This will be the last week of regular updates on this page for quite some time. Starting at the beginning of November, I will be participating in the annual National Novel Writing Month, a.k.a. Nanowrimo. I might stop in with a couple irregular reviews (just to break up the writing of the novel), but otherwise I will be concentrating on my 50,000 words. But for now, let’s get to the review.
Eric Powell has been writing and drawing The Goon for over a decade at this point, but we never really got a good look at the character’s past. That changes in Chinatown and the Mystery of Mr. Wicker. The story moves back and forth from the past (told in beautiful sepia tones) and the present day (in the book’s regular palette. After a short introduction, we meet Shorty and his chanteuse sister Mirna. They both regularly work at Goon’s favorite bar.
Mirna’s good looks bring us back to a younger, unscarred Goon. He sees another beauty as he visits Chinatown and the ancient warlord that serves as the neighborhood’s crime boss. Needless to say, Goon gets embroiled in the dame’s life which leads to more problems between his and Frankie’s own burgeoning crime empire and that of the Chinatown set.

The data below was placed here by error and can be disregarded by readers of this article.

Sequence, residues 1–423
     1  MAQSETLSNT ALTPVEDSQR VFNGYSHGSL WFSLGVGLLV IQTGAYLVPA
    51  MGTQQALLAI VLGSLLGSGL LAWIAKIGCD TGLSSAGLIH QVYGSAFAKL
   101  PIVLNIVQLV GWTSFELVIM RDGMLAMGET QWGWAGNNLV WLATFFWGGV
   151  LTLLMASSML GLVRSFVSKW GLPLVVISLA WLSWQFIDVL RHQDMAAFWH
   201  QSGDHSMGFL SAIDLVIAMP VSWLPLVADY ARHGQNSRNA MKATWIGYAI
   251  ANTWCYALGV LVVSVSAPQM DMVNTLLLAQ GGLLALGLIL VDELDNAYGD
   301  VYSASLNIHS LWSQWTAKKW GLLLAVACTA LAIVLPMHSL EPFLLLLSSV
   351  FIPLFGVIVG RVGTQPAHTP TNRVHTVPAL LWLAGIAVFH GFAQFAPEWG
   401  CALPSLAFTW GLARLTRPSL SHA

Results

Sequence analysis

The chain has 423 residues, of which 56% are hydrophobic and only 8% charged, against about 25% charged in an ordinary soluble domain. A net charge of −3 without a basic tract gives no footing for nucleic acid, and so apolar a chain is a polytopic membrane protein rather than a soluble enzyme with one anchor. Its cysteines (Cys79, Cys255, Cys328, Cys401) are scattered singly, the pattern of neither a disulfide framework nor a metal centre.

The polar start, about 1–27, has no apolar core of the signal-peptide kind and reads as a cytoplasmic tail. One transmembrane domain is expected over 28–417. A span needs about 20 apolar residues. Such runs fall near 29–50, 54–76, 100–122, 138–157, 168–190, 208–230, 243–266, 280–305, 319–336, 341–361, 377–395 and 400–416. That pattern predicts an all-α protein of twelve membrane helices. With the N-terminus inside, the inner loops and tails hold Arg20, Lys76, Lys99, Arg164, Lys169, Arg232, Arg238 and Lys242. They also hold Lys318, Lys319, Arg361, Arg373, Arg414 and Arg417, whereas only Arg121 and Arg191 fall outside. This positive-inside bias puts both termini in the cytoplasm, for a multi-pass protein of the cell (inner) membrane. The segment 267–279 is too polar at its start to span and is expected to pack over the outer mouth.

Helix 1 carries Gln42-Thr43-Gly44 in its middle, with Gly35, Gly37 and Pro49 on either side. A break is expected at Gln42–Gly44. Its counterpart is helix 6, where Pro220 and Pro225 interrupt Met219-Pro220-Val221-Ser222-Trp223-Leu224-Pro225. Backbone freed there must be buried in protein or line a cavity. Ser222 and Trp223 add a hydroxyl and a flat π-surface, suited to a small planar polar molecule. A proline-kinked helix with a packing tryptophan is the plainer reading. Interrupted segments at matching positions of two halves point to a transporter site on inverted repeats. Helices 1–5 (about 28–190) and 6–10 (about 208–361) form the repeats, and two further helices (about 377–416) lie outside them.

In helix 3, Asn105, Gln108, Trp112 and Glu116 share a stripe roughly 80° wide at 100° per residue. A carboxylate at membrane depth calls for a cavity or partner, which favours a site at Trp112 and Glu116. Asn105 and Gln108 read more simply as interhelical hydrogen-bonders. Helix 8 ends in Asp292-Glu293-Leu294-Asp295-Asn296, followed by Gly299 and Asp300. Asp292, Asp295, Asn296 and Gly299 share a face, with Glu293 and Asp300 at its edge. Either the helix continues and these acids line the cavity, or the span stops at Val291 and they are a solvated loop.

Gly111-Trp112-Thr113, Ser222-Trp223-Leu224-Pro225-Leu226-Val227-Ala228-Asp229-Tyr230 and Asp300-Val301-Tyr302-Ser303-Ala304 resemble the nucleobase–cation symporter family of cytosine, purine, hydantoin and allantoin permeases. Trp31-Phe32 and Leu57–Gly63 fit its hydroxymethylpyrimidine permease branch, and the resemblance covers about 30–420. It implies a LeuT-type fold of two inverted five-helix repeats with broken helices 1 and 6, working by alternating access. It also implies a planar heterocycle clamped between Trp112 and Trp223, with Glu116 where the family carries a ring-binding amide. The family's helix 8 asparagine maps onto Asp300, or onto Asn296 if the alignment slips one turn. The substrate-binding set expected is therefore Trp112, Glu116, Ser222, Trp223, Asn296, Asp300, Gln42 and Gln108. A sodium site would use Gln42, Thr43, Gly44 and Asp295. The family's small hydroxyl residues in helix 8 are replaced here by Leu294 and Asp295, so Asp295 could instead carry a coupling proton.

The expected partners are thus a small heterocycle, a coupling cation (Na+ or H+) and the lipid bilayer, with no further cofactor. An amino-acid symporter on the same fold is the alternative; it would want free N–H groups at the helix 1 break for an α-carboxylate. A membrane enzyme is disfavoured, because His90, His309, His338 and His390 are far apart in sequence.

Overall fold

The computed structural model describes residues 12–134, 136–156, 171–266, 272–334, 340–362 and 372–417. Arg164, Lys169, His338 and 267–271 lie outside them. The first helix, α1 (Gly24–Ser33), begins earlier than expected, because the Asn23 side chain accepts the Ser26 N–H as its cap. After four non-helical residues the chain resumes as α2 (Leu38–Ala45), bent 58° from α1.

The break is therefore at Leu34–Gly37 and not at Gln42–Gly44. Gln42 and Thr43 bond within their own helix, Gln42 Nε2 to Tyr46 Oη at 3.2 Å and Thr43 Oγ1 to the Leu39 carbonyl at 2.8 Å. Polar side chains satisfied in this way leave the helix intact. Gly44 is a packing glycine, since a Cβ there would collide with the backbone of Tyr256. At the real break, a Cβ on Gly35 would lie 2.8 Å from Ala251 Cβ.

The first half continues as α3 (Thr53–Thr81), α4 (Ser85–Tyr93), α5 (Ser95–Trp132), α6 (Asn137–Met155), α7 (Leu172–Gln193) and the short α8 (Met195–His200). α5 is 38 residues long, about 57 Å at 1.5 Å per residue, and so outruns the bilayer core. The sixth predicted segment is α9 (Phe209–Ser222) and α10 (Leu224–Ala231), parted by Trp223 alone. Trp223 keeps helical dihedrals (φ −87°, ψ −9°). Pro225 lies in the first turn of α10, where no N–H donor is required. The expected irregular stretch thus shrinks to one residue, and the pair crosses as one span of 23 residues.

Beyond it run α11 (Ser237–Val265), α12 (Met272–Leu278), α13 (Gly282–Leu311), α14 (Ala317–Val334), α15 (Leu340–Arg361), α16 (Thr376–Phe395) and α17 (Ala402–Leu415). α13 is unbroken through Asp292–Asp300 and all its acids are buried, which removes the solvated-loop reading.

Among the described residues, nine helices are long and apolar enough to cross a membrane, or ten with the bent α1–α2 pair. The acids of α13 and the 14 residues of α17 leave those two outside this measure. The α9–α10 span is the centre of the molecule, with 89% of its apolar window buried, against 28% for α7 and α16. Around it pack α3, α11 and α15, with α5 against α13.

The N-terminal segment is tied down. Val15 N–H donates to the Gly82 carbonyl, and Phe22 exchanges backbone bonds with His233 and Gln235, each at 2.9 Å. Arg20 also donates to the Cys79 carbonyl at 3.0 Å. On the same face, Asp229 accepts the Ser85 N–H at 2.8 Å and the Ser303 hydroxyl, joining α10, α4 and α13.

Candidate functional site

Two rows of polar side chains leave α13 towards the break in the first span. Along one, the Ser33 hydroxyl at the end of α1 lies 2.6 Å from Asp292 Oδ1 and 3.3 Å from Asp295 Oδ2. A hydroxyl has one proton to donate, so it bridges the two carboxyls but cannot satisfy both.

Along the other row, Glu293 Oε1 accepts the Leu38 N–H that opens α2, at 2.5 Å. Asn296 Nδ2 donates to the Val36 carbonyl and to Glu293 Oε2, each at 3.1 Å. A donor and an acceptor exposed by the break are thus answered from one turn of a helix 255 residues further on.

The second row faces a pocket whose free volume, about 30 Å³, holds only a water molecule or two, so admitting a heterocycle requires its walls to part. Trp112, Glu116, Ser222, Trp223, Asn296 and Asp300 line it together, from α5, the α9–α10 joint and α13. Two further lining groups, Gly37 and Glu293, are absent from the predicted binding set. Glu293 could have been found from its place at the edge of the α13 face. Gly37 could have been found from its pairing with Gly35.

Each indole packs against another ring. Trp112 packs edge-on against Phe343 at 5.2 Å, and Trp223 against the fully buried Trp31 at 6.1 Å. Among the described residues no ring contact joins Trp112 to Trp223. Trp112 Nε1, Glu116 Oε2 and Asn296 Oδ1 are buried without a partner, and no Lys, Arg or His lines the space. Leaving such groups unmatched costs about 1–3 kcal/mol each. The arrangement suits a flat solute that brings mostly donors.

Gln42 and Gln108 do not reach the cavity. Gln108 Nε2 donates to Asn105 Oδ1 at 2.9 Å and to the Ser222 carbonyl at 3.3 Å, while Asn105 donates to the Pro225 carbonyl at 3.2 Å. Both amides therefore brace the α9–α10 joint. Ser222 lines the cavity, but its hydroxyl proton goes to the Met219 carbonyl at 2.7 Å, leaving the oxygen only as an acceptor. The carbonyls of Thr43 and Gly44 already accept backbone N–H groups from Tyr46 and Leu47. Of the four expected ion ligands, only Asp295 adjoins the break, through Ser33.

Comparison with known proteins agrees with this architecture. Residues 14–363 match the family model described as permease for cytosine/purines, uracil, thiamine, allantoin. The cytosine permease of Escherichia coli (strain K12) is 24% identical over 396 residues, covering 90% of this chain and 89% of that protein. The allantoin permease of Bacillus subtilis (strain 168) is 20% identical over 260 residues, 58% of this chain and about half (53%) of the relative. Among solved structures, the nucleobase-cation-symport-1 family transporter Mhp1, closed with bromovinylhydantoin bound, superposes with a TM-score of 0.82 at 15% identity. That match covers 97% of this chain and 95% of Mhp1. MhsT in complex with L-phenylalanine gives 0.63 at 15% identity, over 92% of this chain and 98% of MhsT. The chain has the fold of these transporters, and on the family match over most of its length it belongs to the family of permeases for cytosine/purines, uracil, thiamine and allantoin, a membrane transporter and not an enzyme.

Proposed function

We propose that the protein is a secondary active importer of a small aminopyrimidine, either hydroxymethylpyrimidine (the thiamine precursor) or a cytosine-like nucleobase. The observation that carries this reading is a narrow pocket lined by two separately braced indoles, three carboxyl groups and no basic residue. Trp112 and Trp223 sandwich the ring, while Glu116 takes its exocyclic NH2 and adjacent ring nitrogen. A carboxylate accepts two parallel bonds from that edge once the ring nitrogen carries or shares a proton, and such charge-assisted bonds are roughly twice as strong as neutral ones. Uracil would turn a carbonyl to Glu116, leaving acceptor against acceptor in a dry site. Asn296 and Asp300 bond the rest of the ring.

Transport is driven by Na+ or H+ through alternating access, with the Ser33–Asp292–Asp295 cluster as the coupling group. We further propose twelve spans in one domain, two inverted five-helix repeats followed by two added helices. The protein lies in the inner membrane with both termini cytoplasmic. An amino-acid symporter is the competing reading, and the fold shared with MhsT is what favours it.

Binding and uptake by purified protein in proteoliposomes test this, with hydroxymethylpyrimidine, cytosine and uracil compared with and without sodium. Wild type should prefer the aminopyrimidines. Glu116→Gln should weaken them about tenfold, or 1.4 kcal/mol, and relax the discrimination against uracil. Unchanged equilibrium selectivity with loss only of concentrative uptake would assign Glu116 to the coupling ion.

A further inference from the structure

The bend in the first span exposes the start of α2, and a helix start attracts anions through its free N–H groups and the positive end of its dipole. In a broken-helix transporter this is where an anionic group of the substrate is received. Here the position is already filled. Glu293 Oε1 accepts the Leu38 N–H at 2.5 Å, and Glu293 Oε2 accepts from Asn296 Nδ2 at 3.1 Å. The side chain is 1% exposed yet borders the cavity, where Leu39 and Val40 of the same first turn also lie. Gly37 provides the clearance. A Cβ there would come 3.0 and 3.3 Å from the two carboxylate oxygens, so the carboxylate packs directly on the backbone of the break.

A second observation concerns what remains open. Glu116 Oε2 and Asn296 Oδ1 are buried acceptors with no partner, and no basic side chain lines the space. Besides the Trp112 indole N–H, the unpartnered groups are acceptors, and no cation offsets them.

In the present, Goon deals with a very different problem, that of the strangely covered new crime boss Mr. Wicker.
The two stories weave in and out of each other with the subtle grace of the most talented filmmaker. It is a style not often seen in comics but works to perfection under Eric Powell’s able hand.
Both plots build to a fevered pace, but it is the past story of Chinatown that really shows the skill of Powell. In the process, we learn the origin of the powerhouse’s trademark look.
Let me just say that I know The Goon is by no means everyone’s cup of tea. But if you like Hellboy, if you like Umbrella Academy, hell, if you just like some one of the finest pieces of graphic fiction this decade, you owe it to yourself to pick up a copy of Chinatown. Highest Recommendation.